By late morning, I was giving up.
Dragging my still exhausted caucus just a few blocks in the sun, I couldn’t take it. I wondered if I was going to collapse. I asked myself how I could ever manage to make Burning Man work for me again. Would I need to spend tens of thousands of dollars on an RV and an art car just to function the way I used to with two feet and a tent?
I had slept a long time the night before, but it had been sporadic sleep. I would wake up frequently from dreams that became increasingly nightmarish as Black Rock City got darker and quieter, filled with betrayals and vicious reversals of fortune. All that remains of those dreams now is a sense of astonishment and horror that people could possibly be so cruel to one another. “What’s going on?” I asked myself as I woke up for another minute. “Why is this happening?” Then it continued.
“Stop it!” I said, the next time I woke up. “Stop dreaming this!” And yet every new stretch of sleep included some new twist on people’s capacity for cruelty, and society’s indifference.
Just a few hours later, I was trying to walk in the sun. Shambling through the dust – and complete strangers stepped out of their camps to see if I wanted to come inside and rest, get some water. People I will likely never see again in life asked if there was anything they could do to help. What did I need? Generosity and consideration surrounded me.
Dream and reality had seemed to switch places that day, with the world impossibly kind and dreams unspeakably dark.
It would have been beautiful, except that even with all this kindness, I wasn’t sure I could make it. I had been told that today would be cooler than yesterday. Instead it was worse: 108 in the shade, according to one thermometer I saw.
It is so easy to just give up, even in a dream world come true, where complete strangers give you gifts.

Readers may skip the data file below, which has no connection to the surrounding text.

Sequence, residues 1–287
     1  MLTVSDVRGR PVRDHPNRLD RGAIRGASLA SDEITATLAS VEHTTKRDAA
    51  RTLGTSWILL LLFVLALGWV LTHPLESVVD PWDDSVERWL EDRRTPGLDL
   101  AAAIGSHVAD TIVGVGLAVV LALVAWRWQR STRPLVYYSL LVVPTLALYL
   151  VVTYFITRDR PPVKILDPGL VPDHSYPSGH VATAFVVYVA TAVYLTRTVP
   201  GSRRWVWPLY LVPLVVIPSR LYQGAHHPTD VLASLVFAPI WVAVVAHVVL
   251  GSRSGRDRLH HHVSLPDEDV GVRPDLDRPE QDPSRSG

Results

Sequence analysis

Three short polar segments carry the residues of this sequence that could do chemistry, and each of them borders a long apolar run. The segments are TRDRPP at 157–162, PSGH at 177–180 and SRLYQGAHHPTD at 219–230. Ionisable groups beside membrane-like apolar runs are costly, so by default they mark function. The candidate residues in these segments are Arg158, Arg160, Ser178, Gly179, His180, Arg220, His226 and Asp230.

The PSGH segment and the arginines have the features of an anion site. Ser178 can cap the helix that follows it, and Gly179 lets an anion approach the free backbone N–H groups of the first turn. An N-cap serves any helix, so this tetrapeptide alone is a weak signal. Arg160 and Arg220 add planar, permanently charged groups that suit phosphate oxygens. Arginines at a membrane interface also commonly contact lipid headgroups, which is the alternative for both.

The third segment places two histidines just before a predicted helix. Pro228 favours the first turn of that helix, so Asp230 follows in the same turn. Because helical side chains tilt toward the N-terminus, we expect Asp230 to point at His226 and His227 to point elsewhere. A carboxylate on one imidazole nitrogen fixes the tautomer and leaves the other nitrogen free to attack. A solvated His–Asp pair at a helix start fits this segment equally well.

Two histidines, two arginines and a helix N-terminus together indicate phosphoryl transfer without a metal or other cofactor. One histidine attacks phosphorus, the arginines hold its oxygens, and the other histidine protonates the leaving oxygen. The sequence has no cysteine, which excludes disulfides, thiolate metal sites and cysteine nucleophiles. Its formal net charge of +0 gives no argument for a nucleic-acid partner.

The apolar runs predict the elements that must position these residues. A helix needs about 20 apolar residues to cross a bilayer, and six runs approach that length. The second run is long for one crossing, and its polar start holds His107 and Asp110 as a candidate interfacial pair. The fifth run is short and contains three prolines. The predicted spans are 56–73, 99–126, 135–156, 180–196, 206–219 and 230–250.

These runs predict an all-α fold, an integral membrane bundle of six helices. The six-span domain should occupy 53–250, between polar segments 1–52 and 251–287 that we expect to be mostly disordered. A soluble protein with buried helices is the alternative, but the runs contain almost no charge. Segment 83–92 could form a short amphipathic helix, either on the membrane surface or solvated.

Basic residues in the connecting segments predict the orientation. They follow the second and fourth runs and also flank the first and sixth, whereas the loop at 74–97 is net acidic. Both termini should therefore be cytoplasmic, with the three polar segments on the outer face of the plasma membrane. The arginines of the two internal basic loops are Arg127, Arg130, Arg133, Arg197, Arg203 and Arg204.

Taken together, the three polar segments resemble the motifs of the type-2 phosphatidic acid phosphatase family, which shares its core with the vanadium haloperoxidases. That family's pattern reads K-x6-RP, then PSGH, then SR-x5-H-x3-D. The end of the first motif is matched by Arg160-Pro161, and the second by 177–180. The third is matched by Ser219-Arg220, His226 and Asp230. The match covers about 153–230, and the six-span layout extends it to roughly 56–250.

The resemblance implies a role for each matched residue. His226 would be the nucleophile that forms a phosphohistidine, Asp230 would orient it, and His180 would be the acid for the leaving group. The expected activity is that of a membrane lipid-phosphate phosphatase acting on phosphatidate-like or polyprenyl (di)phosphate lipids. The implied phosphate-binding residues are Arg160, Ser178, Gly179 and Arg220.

Then the skies darkened and the air crackled with electricity and lightning danced over the now cool horizon. I walked back from a party at Ashram Galactica, the end of the world trailing behind me: a wall of dust sweeping in on a storm, a swirling mountain of yellow and green and orange colors, promising blindness and breathlessness across the world.
I took shelter inside Camp Misteriosos, a western saloon named after a legendary Venezuelan folk doctor who tended to the poor without charge. A portion of its bar was used all the way back in Burning Man’s first years in the desert, making it (probably) the oldest still functioning bar on playa. The camp contains an upright piano from 1912 that somehow, each year, finds someone in the desert to tune it. (Last year they put out a cardboard sign with the words “Piano tuner needed” hand written in marker, and two people stopped by before they could take it down.)
As I talked with my fellow storm refugees, making chitchat and offering gifts, a stranger came in and, seeing the piano, asked if he could play it.
“Yes,” said Jared, a member of the camp. “Play something stormy.”
The stranger sat at the piano and a slow, climbing, melody echoed across the camp and out into the dust. As he played, other strangers came in from the street, compelled by the music to make this their shelter. Young people, old people, a mother and daughter, all followed the sound of a 115 year old piano through a blinding dust storm to find shelter with strangers.
It was like a dream.
And now I was the person who was offering strangers comfort and shelter, asking “Is there anything I can do to help? What do you need?”
The music ended just after the storm passed, and the anonymous piano player got up to leave.
“Hey, Gershwin,” someone called from the crowd, “what’s your name?”
The piano player stopped on his way out. “What?”
“I said, what’s your name, Gershwin?” the someone asked again.
“Oh!” The piano player thought for a moment. “Um … Gershwin?”
The room erupted in applause.
I don’t know how to give this up.